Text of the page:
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Old 09-19-2006, 02:32 AM   #7
Jae Onasi
@Jae Onasi
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Let me say first, I have a love/hate relationship with cell phones. I hate that they ring at the wrong time. I hate it when I forget to turn the ringer off at an event. I hate when I'm in the middle of an exam and the person hears the phone ring and feels they _must_ answer it. I had a lady one time talk for 5 minutes about pizza while in my office. Crazy. I just about said to her, "I'm sorry, I seem to be interrupting your call. Would you like me to come back later?"
Now, I just say to anyone old enough to carry the things around, "If it rings, do you mind if it goes to voice mail?" People almost always turn the ringers/phones off at that point. Now if it rings, I don't give them the opportunity to answer it, unless they tell me it might be an emergency. I just keep doing whatever it is I'm doing and ignore the phone.
Our church has signs on every door into the sanctuary that says 'please turn ringers off.' For the most part, we do. Every now and then someone forgets and either silences it quickly or makes a rather embarrassed run for the foyer.

Personally, I don't need someone knowing my business 24/7. I'd like to take a shower and go to the bathroom in peace. I'd like to have a meal without the phone interrupting (emergencies excepted, of course). When I'm with someone in my office, I'll take a quick look at the caller ID to make sure it's not a school emergency, and then it goes to voice mail. The phone stays on vibrate (mine's not too obnoxious) so it's less distracting.

However, I've used my phone more than once in emergencies, and so for that reason I'm leery of anything that completely blocks a signal. I've dealt with a couple emergencies in the church sanctuary, and one of those needed EMS. I received an emergency call at my office that my son had passed out (not a good day for us, fortunately everything turned out OK). I drove an hour to/from work for an office at least once a week for awhile, and in Wisconsin where the winters can get nasty, having that peace of mind of instant access to help is good.
I'm also mandated to help in emergencies, even if it's nothing more than calling 911. I can't tell you how many accidents or just plain weird things I've called into 911 (weirdest being a guy on the side of the interstate squatting behind his car with his pants down. I was afraid the idiots who were staring at the guy were going to cause an accident. The conversation with dispatch undoubtedly made their entertainment reels that year).
Since so many places have taken out pay phones and don't offer in house phones for use because so many of us have cell phones, it would make it a lot slower to call 911 (or your country's equivalent) in an emergency. How many of you, off the top of your heads, can think immediately where the phone is at your church, school, theater, grocery store, and so on? How many of you think you could find it in an emergency when the adrenaline has your heart racing?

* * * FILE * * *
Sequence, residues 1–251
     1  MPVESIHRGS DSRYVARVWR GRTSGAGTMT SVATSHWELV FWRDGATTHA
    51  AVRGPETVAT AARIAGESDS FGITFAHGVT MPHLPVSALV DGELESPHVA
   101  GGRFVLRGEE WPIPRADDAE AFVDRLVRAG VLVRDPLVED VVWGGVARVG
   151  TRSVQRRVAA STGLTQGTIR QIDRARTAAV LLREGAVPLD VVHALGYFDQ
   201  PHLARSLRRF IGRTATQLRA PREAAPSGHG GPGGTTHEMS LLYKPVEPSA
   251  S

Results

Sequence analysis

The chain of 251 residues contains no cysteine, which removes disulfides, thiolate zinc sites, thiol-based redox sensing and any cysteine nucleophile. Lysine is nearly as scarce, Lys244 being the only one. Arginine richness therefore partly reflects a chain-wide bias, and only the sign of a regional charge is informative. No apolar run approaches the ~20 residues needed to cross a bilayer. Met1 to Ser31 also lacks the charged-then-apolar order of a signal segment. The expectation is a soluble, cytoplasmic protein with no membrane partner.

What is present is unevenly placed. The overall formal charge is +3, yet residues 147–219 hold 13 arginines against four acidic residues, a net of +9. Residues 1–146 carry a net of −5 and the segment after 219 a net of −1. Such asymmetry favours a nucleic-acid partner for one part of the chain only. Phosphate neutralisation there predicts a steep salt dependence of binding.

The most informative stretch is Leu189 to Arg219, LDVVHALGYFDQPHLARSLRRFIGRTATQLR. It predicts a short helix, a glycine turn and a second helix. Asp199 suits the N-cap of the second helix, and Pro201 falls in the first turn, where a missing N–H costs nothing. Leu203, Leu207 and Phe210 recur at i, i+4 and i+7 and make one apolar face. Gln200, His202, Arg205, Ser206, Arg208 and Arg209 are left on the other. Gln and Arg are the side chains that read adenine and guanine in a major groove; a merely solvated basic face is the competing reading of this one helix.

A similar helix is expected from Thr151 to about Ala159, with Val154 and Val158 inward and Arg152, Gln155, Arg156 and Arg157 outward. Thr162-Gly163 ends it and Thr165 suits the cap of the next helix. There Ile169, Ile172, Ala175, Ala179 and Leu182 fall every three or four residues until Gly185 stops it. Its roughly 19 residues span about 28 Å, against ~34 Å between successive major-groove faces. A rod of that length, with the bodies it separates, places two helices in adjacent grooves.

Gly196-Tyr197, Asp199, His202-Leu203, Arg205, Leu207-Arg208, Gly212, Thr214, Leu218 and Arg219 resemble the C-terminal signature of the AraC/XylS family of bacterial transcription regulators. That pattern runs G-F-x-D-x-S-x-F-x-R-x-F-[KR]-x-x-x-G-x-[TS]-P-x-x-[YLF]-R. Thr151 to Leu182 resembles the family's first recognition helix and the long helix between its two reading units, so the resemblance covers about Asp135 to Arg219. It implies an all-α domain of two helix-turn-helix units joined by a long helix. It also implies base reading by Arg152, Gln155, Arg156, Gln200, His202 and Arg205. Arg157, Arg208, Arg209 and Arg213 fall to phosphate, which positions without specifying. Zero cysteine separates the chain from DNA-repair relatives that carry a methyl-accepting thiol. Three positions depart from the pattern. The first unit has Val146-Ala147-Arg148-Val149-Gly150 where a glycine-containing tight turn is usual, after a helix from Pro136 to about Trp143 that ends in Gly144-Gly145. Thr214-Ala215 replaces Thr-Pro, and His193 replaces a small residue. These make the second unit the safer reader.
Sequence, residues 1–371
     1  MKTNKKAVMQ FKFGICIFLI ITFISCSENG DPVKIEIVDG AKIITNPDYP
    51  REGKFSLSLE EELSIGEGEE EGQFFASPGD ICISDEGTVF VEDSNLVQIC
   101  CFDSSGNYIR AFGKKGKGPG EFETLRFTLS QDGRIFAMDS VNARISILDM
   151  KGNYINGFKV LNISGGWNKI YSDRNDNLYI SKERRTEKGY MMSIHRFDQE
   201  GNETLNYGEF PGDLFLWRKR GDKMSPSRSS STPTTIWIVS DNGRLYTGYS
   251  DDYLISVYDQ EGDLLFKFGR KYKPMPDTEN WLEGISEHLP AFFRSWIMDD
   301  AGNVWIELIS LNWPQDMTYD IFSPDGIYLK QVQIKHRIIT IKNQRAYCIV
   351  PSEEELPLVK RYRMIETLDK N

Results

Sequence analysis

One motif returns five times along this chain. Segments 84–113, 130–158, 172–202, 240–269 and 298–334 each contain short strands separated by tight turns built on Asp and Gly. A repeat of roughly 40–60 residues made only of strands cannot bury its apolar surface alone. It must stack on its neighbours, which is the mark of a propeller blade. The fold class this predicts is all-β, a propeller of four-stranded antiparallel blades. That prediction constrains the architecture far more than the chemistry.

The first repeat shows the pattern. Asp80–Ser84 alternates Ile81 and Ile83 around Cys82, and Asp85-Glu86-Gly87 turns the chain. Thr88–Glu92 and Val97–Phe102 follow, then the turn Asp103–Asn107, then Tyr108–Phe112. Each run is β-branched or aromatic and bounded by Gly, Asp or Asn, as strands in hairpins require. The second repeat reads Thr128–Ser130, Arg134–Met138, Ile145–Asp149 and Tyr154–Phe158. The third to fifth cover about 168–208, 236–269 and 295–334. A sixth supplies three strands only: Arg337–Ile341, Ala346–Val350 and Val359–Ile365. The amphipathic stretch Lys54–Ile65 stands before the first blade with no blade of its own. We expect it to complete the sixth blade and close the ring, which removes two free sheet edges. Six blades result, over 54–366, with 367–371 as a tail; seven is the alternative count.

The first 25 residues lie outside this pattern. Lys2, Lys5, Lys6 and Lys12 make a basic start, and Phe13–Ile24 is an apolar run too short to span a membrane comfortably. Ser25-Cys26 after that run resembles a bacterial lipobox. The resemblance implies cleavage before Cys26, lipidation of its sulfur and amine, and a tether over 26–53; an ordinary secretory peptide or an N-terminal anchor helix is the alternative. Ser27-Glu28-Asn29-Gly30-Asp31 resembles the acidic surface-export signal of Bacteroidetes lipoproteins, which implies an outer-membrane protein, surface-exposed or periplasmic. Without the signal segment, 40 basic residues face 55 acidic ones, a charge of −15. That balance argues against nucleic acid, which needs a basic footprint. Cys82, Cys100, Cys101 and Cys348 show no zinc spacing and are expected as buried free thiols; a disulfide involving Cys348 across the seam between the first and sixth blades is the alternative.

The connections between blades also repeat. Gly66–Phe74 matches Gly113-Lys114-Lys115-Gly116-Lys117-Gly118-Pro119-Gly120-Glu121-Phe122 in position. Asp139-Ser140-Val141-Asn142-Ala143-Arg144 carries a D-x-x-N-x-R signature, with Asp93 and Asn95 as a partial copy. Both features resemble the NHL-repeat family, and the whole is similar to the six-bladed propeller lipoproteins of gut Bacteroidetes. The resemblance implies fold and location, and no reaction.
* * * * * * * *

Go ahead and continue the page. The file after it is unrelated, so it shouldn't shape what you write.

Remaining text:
Needing to call 911 is a hopefully very rare occurence, but when you need them, you need that immediate access. Blocking the signals throughout an entire building could cause problems with timely access to emergency services. I'm willing to live with a few rings in church in order to have access to fire/police/ambulance.

People also work in jobs where they're required to be 'on call' (lots of medical personnel, police, fire, etc.), and jamming their phones would make them inaccessible. Sure, you could argue that they shouldn't go to the places that jam signals. In the case of my church, however, I'd rather not force someone to skip church because of a cell phone signal. I also don't want people to be out of touch in certain situations, like if they have a family member who's critically ill, a spouse who's in the military and whose hours are very irregular so there's not regular time to call, parents who live in one town and work in another and need to be available if the school/daycare or the child has an emergency, those sorts of things.

I'm not comfortable living with signal jamming, but I really like toms' 'switch to silent' idea. People would be able to see the flashing and leave for a spot where they could talk. They'd be accessible without the ringing, and that's the best alternative I've seen suggested yet.

From MST3K's spoof of "Hercules Unchained"--heard as Roman medic soldiers carry off an unconscious Greek Hercules on a 1950's Army green canvas stretcher: "Hi, we're IX-I-I. Did somebody dial IX-I-I?"

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